Democrats defend Obama administration over bungled gun sting
WASHINGTON (Reuters) - Democrats in the U.S. House of Representatives on Tuesday sought to blunt political attacks on the Obama administration over a botched gun sting operation, saying that the idea of allowing weapons to go across the border to Mexico came from field agents and prosecutors.
Democrats on the House Oversight Committee issued a report just two days before Republicans on the same panel plan to grill Attorney General Eric Holder about the most recent operation, dubbed "Fast and Furious," in which as many as 2,000 guns may have been trafficked to Mexican drug cartels.
President Barack Obama's fellow Democrats said in the 89-page report that the operations and strategies dated back to the Bush administration and were the brainchild of field agents and prosecutors, not officials at the upper levels of government.
"Unfortunately this strategy failed to include sufficient operational controls to stop these dangerous weapons from getting into the hands of violent criminals, creating a danger to public safety on both sides of the border," Representative Elijah Cummings, the senior Democrat on the committee, said in a letter accompanying the 89-page report.
The panel chairman, Republican Darrell Issa, sent a letter to Holder on Tuesday accusing him of engaging in a cover-up and complaining that the Justice Department will not turn over more documents including those about its response to the scandal.
"If the department continues to obstruct the congressional inquiry by not providing documents and information, this committee will have no alternative but to move forward with proceedings to hold you in contempt of Congress," Issa said.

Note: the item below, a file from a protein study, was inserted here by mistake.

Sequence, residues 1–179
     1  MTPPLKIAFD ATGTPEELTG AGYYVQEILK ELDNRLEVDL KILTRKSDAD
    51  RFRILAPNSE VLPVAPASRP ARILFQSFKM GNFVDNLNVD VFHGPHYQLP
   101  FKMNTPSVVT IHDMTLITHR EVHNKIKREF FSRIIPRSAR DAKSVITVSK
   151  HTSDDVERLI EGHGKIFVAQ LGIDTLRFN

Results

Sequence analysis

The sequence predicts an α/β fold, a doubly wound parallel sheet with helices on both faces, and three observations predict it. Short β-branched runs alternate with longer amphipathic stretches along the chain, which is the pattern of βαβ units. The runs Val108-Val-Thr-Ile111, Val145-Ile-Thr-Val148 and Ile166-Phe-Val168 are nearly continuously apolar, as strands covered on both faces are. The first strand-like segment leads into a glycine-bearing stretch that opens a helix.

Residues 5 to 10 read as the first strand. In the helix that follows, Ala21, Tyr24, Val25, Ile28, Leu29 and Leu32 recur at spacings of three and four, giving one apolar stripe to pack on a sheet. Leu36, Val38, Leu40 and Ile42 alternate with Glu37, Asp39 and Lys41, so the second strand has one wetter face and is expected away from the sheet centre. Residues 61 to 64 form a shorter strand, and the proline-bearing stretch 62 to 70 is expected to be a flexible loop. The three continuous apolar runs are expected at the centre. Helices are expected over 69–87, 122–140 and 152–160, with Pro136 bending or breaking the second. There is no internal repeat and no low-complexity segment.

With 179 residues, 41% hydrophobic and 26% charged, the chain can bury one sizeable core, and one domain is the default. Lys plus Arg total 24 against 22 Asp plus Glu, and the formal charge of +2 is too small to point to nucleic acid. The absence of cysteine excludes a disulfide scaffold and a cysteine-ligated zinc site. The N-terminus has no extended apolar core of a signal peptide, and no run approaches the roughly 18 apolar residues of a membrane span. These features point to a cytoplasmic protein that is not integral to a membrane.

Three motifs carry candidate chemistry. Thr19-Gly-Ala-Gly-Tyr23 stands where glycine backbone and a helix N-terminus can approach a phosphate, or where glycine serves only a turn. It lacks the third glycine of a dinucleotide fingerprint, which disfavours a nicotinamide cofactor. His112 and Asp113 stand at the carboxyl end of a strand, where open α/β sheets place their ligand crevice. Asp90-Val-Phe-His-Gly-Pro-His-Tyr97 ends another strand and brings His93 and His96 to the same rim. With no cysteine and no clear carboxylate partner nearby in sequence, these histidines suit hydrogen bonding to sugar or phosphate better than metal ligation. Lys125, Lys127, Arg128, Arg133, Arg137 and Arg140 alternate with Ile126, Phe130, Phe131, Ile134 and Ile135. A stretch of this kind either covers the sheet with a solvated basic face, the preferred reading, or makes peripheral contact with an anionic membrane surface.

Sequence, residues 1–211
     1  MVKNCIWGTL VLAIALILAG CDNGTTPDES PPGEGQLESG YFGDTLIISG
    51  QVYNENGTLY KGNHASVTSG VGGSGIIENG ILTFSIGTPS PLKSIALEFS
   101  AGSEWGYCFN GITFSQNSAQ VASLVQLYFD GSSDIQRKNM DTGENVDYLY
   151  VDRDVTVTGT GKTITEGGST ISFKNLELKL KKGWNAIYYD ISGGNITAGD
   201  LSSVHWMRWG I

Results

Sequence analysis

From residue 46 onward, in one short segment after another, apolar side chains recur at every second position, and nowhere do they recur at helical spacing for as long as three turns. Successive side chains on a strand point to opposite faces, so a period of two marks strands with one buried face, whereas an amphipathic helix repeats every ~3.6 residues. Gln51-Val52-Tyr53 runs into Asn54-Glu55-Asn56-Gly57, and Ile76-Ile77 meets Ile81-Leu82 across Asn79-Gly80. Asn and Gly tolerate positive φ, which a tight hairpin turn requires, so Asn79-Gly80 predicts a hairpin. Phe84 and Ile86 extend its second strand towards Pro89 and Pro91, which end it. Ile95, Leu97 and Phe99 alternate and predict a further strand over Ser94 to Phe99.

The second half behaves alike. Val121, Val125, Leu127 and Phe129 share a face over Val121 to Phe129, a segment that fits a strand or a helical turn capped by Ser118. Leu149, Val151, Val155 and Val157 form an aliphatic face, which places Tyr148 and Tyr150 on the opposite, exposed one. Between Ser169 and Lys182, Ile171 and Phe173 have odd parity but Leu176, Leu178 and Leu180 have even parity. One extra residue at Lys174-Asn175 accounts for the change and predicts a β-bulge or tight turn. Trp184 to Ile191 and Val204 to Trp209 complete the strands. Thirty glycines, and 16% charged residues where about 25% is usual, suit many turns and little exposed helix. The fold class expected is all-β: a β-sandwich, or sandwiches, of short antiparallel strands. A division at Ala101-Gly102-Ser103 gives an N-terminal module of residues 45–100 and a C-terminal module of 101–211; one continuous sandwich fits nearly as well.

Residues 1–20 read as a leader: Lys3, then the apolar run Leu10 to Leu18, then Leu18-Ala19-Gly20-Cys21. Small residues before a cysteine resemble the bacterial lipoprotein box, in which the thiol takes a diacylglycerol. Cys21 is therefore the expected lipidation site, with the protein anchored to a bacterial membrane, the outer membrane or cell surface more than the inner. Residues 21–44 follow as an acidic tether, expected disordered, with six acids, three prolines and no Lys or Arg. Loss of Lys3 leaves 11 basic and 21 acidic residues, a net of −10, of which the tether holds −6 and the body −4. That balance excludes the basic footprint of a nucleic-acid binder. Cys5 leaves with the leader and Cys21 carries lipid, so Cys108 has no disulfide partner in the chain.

A Justice Department official said the agency was cooperating with the committee and would continue to do so. The agency has turned over several thousand pages to the committee and allowed some senior officials to be interviewed.
Two guns from the Fast and Furious operation were found at the scene where a U.S. Border Patrol agent, Brian Terry, was killed during a shootout with illegal immigrants. It was not clear, however, if those weapons fired the fatal shots.
That operation ran from late 2009 to early 2011 out of the Phoenix offices of the Bureau of Alcohol, Tobacco, Firearms and Explosives and the U.S. Attorney. The goal was to try to track guns being smuggled from the initial purchaser to senior drug cartel members.
However, in most cases ATF agents did not follow the guns beyond the initial buyer. Republicans have questioned who in the administration knew about and approved the operation and its tactics and when. They have issued subpoenas for documents and for witnesses to testify.
Mexican authorities have complained about the flood of weapons coming into their country from the United States and contributing to the deadly war with the drug cartels.
OFFICIALS SAY THEY DID NOT KNOW
The Obama administration has admitted that the operation and its tactics were unacceptable, but senior Justice Department and ATF officials have denied that they knew of the specific tactics until early 2011 - after it was over.
Republicans have expressed doubts about those assertions and some have demanded Holder's resignation as well as that of his senior aide, Assistant Attorney General Lanny Breuer, who runs the Justice Department's criminal division.
"Contrary to repeated claims by some, the committee has obtained no evidence that Operation Fast and Furious was a politically-motivated operation conceived and directed by high-level Obama Administration political appointees at the Department of Justice," Cummings said.
The report said that during "Fast and Furious", agents first sought to bring charges for smaller cases involving the gun buyers, known as straw purchasers, but that senior prosecutors wanted to wait to see if they could bring bigger cases.
It also revealed that authorities in the United States and Mexico had recovered 567 weapons from the botched operation as of January 2011, almost two-thirds of which were found in the United States.
(Editing by Mohammad Zargham)
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